Prime Minister John Key has personally thanked US President Barack Obama for agreeing to negotiate a free trade deal that includes New Zealand.
The two leaders met at the APEC conference in Singapore which is winding up on Sunday night.
In a major breakthrough, the United States gave a commitment to negotiating a trans-Pacific deal with eight countries including Australia, Singapore, Vietnam, Peru and Chile on Saturday.
Negotiations were expected to start overnight (NZ time) and an agreement could be in place by 2011, Key said.
For New Zealand that means big economic gains, and effectively a free trade agreement with the world's largest economy.
"We had quite a fruitful discussion and I thanked him for the progress on trans-Pacific partnership. He said he was looking forward to working with New Zealand and making progress on the trade front," says Key.
Key is confident the deal with the US will include agriculture, which would mean selling more goods like beef and butter into the US with lower or no taxes on these goods.
Key says the Americans are keen and work will begin immediately on the deal.
He says there is a desire on the American side to make progress, and New Zealand's negotiators will be ready to pick up the challenge too.
Key says the American commitment is an acknowledgement trade is the answer to moving the world out of recession.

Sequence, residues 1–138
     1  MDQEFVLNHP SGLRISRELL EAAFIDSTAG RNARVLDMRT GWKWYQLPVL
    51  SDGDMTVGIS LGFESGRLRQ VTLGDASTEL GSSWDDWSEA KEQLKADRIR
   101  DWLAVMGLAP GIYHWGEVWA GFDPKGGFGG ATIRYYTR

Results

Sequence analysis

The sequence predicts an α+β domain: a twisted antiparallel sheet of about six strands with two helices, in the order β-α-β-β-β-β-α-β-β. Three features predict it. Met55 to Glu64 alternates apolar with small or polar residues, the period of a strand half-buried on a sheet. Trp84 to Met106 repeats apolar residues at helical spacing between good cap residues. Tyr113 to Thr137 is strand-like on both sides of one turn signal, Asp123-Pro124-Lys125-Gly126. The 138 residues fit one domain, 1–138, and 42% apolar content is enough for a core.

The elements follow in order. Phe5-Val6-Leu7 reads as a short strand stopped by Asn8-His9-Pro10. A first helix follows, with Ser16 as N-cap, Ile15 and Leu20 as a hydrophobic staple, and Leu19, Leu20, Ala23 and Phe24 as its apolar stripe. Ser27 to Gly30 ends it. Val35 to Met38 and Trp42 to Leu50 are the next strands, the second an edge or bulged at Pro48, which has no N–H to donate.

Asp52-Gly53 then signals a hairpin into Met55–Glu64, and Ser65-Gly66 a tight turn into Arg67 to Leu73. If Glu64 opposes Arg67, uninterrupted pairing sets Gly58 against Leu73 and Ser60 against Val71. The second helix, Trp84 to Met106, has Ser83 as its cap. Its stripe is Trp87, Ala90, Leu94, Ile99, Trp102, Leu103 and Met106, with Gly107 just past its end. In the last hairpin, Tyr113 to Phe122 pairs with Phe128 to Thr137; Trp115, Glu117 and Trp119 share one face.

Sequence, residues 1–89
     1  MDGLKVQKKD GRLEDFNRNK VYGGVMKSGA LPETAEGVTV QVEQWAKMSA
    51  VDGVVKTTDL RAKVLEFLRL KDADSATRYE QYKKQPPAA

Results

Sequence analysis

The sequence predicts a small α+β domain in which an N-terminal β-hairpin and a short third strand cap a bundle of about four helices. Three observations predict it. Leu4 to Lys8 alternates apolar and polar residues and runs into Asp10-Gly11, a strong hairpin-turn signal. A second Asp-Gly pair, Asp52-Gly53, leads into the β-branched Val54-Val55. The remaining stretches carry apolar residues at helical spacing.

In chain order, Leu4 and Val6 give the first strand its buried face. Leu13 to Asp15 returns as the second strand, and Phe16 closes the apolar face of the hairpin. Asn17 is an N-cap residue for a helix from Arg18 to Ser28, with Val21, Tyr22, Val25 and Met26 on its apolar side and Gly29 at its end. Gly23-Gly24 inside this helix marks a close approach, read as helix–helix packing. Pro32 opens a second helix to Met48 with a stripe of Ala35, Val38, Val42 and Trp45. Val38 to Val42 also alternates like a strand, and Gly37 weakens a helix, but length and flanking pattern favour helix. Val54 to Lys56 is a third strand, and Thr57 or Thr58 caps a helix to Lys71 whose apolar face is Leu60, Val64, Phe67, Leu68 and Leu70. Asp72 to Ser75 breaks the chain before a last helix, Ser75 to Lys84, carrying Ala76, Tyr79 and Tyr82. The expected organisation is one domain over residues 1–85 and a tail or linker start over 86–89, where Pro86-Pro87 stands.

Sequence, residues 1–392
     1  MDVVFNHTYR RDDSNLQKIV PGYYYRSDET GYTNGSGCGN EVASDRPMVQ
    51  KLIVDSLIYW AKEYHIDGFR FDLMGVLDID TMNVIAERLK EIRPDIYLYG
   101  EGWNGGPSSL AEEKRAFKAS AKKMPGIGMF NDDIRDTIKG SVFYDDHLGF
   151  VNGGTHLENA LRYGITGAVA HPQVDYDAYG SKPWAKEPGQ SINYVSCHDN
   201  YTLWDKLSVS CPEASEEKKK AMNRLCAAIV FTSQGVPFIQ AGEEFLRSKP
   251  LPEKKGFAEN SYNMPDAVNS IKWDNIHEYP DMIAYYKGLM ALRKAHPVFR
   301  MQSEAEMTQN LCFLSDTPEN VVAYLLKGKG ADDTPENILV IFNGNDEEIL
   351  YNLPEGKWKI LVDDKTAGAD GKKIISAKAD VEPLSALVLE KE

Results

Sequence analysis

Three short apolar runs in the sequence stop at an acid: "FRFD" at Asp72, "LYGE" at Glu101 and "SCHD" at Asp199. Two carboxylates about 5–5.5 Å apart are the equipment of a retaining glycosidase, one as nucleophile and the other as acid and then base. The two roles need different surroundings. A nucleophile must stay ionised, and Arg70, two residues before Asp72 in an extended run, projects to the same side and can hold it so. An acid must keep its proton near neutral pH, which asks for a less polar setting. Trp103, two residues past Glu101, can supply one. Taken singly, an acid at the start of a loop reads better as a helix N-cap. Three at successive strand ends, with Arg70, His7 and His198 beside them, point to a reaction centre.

New Zealand already has a raft of trade deals across Asia but the US market still seen as crucial.
NZUS Council chief Stephen Jacobi says the partnership gives us the opportunity to negotiate for the big prize - a Free Trade Agreement with the US.
Jacobi says it is good news for New Zealand and for the rest of the Asia-Pacific region.
In a speech in Tokyo, US President Barack Obama said his government was committed to a trans-Pacific trade partnership with with the goal of shaping a regional agreement with broad-based membership and high standards.
New Zealand currently has Trans-Pacific partnership with Brunei, Chile and Singapore, which may be a starting point for the FTAAP. This alliance is the only trade pact that links both sides of the Pacific.
Federated Farmers has welcomed the news that the US may take part in the partnership saying it is turning away from its isolationist trade policies.
The partnership, it says, represents well over 12% of New Zealand's merchandise exports.